Let $k = 2 \lceil {r \over 2} \rceil$ and start with $G_k = k \cdot G$ such that we have $k$ copies of $G$ and, thus, $k$ copies of each vertex $v v_i \in V(G)$. Next, partition $G_k$ into $n=|G|$ subsets $G_1,...,G_n$ such that each consists of the $k$ copies of vertex $v_i \in V(G)$. Each element in a given subset has degree $d_i \leq r$ and is adjacent to no other element in the subset, thus, we can form a $(r-d_i)$-regular subgraph amongst the vertices in a particular subset. We know this is possible because each subset has an even number of elements ($k$ was defined to be even). Performing this for all subsets $G_1,...,G_n$ will result in an r-regular graph $G_k$ of order $kn$. Finally, since all of the added edges run only between copies of the same vertex, any subset of $V(G_k)$ corresponding to one of the $k$ copies of $V(G)$ will induce the original graph $G$.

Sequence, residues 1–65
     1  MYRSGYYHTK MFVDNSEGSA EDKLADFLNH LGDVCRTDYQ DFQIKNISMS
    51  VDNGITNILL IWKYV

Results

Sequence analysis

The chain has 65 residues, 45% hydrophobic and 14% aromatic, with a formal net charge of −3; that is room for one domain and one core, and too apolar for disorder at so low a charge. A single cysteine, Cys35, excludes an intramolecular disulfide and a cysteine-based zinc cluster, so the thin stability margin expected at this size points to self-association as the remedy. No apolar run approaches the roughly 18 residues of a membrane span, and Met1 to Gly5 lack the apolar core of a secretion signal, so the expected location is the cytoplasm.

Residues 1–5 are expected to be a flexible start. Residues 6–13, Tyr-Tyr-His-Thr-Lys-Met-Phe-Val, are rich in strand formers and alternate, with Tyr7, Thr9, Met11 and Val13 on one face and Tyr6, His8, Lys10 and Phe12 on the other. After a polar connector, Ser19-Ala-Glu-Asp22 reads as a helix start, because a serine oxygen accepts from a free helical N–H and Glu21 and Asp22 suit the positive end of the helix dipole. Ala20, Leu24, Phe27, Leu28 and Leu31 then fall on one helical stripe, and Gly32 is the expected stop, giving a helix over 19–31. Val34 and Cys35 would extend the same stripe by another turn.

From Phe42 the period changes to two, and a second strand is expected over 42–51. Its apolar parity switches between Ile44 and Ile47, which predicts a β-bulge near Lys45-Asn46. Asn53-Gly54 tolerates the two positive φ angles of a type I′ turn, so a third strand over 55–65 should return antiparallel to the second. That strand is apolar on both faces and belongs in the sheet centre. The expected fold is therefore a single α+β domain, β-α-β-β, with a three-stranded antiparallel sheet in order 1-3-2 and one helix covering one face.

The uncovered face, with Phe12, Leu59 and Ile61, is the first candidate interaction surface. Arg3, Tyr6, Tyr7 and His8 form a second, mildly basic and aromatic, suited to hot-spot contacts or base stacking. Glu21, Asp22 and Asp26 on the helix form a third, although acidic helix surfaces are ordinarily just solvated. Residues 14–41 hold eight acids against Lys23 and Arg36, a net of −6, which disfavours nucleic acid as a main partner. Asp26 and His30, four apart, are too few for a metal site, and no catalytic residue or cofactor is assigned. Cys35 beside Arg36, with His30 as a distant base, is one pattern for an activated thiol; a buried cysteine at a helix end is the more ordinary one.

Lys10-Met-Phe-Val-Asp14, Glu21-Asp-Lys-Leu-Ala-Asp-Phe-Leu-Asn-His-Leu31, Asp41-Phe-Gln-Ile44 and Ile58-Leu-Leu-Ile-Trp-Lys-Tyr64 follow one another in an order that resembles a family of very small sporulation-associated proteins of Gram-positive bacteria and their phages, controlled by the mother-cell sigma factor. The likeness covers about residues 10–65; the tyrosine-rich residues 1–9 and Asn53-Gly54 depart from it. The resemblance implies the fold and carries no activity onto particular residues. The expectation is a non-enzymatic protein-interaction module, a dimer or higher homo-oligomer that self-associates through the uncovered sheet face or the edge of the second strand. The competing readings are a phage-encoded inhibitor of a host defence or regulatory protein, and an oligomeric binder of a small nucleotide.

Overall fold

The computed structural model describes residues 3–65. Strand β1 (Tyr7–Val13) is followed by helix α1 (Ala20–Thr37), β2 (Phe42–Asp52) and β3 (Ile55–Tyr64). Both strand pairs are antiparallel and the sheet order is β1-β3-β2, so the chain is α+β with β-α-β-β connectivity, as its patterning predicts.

Let $k = 2 \lceil {r \over 2} \rceil$ and start with $G_k = k \cdot G$ such that we have $k$ copies of $G$ and, thus, $k$ copies of each vertex $v \in V(G)$. Next, partition $G_k$ into $n=|G|$ subsets $G_1,...,G_n$ such that each consists of the $k$ copies of vertex $v_i \in V(G)$. Each element in a given subset has degree $d_i \leq r$ and is adjacent to no other element in the subset, thus, we can form a $(r-d_i)$-regular subgraph amongst the vertices in a particular subset. We know this is possible because each subset has an even number of elements ($k$ was defined to be even). Performing this for all subsets $G_1,...,G_n$ will result in an r-regular graph $G_k$ of order $kn$. Finally, since all of the added edges run only between copies of the same vertex, any subset of $V(G_k)$ corresponding to one of the $k$ copies of $V(G)$ will induce the original graph $G$.